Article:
Splunk is a distributed system that aggregates, parses and analyses log data. In this article we’ll help you understand how the Splunk architecture, the Splunk big data pipeline works, how the Splunk components like the forwarder, indexer and search head interact, and the different topologies you can use to scale your Splunk deployment.
This is part of an extensive series of guides about data security.
In this article:
- Stages in the Splunk data pipeline
- Splunk Enterprise vs Splunk Cloud
- Splunk components
- Putting it all together: the Splunk architecture
- Splunk Design Principles and Best Practices
How Splunk Works: Stages in the Data Pipeline
There are three main stages in the Splunk data pipeline: data collection, data indexing, and finally, search and analysis.
The first stage of the Splunk data pipeline is data collection. Splunk can ingest data from a wide variety of sources, including files, directories, network events, and APIs. It supports common data formats such as CSV, JSON, and XML, as well as custom formats. Data collection is typically performed using forwarders, which are lightweight agents that can be installed on any machine that generates data. Learn more in the Splunk Components section below.
Once data is collected, it moves on to the indexing stage. Splunk indexes the data by parsing it into individual events and extracting relevant fields, such as timestamps, source types, and host information. This process enables efficient searching and analysis of the data later on.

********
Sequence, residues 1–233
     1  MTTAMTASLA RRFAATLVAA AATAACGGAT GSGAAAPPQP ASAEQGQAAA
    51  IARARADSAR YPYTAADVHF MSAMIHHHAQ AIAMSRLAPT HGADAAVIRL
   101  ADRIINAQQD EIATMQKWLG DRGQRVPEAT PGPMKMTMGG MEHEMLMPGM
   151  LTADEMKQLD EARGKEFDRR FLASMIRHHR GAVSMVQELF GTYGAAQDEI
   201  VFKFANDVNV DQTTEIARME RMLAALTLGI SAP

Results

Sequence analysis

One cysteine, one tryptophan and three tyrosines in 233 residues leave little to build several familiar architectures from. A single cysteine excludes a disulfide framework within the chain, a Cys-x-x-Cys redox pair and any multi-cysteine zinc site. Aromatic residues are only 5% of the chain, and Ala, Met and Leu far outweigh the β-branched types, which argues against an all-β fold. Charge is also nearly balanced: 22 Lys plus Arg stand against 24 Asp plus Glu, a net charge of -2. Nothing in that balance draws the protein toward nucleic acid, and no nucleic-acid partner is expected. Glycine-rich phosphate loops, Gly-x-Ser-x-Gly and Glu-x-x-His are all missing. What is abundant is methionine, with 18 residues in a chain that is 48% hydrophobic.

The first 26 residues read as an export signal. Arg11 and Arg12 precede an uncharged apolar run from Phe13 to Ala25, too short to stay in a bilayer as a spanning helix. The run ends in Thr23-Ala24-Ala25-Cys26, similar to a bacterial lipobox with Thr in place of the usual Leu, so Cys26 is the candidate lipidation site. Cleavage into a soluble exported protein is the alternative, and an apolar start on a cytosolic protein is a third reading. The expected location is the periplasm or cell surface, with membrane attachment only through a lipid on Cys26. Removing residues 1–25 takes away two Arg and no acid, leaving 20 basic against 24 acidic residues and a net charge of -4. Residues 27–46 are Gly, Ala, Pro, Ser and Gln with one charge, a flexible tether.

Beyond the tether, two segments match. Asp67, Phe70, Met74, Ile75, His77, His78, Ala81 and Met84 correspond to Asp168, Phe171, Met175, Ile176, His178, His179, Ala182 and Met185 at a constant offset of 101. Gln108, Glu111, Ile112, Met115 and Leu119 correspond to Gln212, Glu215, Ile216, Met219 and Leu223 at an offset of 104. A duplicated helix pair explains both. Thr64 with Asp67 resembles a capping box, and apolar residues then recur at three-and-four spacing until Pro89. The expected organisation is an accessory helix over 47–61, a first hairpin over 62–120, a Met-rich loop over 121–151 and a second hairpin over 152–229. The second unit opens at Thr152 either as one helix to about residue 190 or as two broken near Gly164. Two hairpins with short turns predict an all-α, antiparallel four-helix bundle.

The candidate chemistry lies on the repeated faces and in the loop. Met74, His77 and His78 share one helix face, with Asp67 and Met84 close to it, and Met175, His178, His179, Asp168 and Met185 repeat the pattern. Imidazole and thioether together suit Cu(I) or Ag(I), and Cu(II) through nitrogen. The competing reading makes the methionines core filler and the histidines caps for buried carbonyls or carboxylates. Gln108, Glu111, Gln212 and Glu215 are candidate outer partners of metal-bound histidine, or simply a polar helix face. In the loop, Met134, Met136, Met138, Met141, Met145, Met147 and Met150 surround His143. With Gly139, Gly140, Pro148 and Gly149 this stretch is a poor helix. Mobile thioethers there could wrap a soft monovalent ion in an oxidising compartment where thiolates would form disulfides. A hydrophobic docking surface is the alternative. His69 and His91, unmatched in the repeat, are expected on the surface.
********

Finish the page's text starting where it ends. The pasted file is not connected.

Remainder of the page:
Indexing can be performed on a single Splunk instance or distributed across multiple indexers for scalability and redundancy. In a distributed environment, Splunk uses an indexing cluster to ensure that data is evenly distributed and replicated across multiple indexers.
Data Searching and Analysis
After data is indexed, it can be searched and analyzed using Splunk’s powerful search language, the Search Processing Language (SPL). SPL allows users to perform a wide range of operations on the data, such as filtering, aggregation, correlation, and statistical analysis. Users can create custom reports, dashboards, and alerts based on the results of their searches and analyses.
Splunk also provides a variety of pre-built apps and add-ons that extend its capabilities and integrate with other systems, such as IT service management tools, security information and event management systems, and cloud platforms.
Splunk Enterprise vs Splunk Cloud: How Does it Affect Your Architecture?
Splunk is available in two versions:
- Splunk Enterprise – the paid version
- Splunk Cloud – provided as a service with subscription pricing
Your selection of a splunk edition will affect your architecture. This is summarized in the table below.
|Splunk Edition||Limitations||Architectural Considerations|
|Enterprise||Unlimited||Supports single site clustering and multi-site clustering for disaster recovery|
|Cloud||Depending on service package||Clustering managed by Splunk|
Note: The free version of Splunk, which was called Splunk Light, is no longer available (End of Life was May, 2021).
The primary components in the Splunk architecture are the forwarder, the indexer, and the search head.
The forwarder is an agent you deploy on IT systems, which collects logs and sends them to the indexer. Splunk has two types of forwarders: